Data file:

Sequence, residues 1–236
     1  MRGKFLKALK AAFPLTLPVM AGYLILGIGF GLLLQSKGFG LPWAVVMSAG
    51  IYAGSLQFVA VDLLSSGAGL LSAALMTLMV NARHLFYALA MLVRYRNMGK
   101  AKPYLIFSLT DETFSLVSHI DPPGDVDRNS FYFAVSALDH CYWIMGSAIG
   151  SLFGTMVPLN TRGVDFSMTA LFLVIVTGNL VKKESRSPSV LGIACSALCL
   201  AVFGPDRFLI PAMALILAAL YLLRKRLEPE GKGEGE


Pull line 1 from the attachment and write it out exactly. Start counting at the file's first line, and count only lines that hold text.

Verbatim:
Sequence, residues 1–236